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July 04, 2011, 06:26:31 PM
 #70

I apologize, but I just saw "early adopter" and got >9000 points of rage.
If the bitcoin system were fair, they'd either distribute it equally or just fundamentally change how you get bitcoins.

But, then again, life ain't fair either.
Congrats on your success of being there first.

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fm1234
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July 04, 2011, 06:56:27 PM
 #71

posted by Vladimir:
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Why people have invented paper money in the first place?

Looks like gold bugs will eat me alive now, what a heresy "gold is not a perfect medium of exchange". Can you you teleport gold?

1) Not a gold bug

2) Sarcastic replies to any question of your points severely undermines your points.

3) Yes, you can teleport gold -- sort of.  Digital gold, digital certificates backed by gold, etc.

Gold backed much of the early paper money.   The paper was not the medium of exchange -- it was merely a representation of same.

Gold bars, coins etc. can surely be thought of as having limitations as mediums of exchange, from transport to security to making change for them etc.   But the issue there is not the gold, it's the bar.   Fiat money is a decent medium of exchange, until you try to buy a Cadillac with boxes of nickels.   

What I mean is:  you're conflating the actual form of conveyance with the medium.   Gold is an excellent medium of exchange, because of its physical properties which make it uniform, fungible etc.  LBMA 400oz gold bars are not very good for paying for lunch at a restaurant, but this doesn't have anything to do with gold's value as a medium of exchange.   Buying a $0.50 pack of gum with a $100 bill, or trying to stick a quarter in the bill slot of a change machine also present problems, without affecting the value of the USD as a medium of exchange.

I hope that makes sense. 

So, again, aside from the settled issue of conveyance, why is gold a lousy medium of exchange?


Frank
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July 04, 2011, 07:48:27 PM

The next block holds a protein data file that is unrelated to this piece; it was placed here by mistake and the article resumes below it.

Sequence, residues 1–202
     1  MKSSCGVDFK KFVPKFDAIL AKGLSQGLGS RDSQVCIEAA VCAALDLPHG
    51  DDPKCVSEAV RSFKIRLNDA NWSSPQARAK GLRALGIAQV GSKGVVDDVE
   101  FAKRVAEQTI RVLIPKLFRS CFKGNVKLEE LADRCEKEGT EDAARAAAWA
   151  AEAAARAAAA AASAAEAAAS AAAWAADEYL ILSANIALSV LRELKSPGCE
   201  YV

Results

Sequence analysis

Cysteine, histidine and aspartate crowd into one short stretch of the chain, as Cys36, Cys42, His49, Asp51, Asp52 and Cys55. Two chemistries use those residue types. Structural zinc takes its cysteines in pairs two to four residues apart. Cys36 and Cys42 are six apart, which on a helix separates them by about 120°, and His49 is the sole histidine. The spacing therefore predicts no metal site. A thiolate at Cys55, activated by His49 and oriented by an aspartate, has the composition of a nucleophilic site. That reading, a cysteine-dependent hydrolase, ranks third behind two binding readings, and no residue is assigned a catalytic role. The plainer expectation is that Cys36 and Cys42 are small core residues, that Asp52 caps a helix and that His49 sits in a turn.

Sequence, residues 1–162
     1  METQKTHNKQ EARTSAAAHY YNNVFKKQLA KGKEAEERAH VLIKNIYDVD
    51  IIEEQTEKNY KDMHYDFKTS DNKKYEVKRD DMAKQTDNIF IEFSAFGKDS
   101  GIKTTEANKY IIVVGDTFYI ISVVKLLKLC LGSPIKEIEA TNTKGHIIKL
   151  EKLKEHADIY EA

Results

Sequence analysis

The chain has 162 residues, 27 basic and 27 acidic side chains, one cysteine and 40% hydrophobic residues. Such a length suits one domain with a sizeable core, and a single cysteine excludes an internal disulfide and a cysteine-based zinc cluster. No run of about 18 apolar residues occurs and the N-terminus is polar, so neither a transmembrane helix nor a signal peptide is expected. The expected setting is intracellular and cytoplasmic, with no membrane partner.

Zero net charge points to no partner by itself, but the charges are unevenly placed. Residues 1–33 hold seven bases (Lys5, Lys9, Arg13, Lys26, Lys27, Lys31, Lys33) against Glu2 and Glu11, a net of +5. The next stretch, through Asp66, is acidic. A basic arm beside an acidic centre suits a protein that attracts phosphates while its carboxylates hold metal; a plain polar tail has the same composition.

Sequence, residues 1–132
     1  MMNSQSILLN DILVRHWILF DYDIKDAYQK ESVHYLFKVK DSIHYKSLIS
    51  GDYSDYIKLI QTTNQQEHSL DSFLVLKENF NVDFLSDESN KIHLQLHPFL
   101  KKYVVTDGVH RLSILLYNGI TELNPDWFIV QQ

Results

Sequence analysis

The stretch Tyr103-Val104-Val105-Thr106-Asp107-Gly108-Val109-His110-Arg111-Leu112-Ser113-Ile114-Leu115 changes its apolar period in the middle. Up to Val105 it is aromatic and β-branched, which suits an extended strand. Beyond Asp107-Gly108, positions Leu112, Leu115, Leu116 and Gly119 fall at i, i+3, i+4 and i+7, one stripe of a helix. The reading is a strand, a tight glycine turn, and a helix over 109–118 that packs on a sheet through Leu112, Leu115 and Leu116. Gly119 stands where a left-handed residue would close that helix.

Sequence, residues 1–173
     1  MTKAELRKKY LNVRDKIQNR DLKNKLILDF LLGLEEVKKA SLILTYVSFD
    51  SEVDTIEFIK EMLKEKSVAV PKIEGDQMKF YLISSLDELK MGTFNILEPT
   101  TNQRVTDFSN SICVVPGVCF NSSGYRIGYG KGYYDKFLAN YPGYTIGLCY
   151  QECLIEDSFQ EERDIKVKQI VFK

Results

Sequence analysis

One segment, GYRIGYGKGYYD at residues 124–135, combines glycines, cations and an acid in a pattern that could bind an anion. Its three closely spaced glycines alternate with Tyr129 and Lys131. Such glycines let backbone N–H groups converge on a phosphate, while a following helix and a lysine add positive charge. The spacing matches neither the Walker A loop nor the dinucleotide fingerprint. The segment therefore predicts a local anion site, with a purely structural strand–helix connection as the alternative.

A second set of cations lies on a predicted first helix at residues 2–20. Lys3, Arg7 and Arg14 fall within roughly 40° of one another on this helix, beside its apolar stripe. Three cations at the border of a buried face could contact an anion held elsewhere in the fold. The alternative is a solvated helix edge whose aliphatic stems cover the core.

#72

posted by Vladimir:
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Why people have invented paper money in the first place?

Looks like gold bugs will eat me alive now, what a heresy "gold is not a perfect medium of exchange". Can you you teleport gold?

1) Not a gold bug

2) Sarcastic replies to any question of your points severely undermines your points.

3) Yes, you can teleport gold -- sort of.  Digital gold, digital certificates backed by gold, etc.

Gold backed much of the early paper money.   The paper was not the medium of exchange -- it was merely a representation of same.

Gold bars, coins etc. can surely be thought of as having limitations as mediums of exchange, from transport to security to making change for them etc.   But the issue there is not the gold, it's the bar.   Fiat money is a decent medium of exchange, until you try to buy a Cadillac with boxes of nickels.   

What I mean is:  you're conflating the actual form of conveyance with the medium.   Gold is an excellent medium of exchange, because of its physical properties which make it uniform, fungible etc.  LBMA 400oz gold bars are not very good for paying for lunch at a restaurant, but this doesn't have anything to do with gold's value as a medium of exchange.   Buying a $0.50 pack of gum with a $100 bill, or trying to stick a quarter in the bill slot of a change machine also present problems, without affecting the value of the USD as a medium of exchange.

I hope that makes sense. 

So, again, aside from the settled issue of conveyance, why is gold a lousy medium of exchange?


Frank

gold is a lousy medium of exchange for all the reasons you're trying to gloss over, and a couple others.

Quote
LBMA 400oz gold bars are not very good for paying for lunch at a restaurant, but this doesn't have anything to do with gold's value as a medium of exchange.

yes, it does.  gold is simply not practically divisible.  $5.00 worth of gold to pay for that lunch is beyond our technical ability to mint as a denomination, and carry around without worry.  how do you carry around 1/300th of an ounce (0.0846 gm!!) of anything, without putting it into some (comparatively) massive support structure, like plastic or tempered-glass caddies?  and note that the caddy makes it easy to counterfeit:  who's going to pry open every 1/300 oz caddy to perform an assay?

how does one make change in gold for all the various price-points which exist in the marketplace?

the "physical properties which make it uniform, fungible etc." are exactly those properties which make it easy to counterfeit gold: i.e., alloy it.

one of the reasons gold coinage failed was the 'shavers':  the people who walked around with gold coin in a bag all day, jingling the coins together, and collecting the dust in the bag at the end of every day.  or who actually shaved bits off the coins with a knife.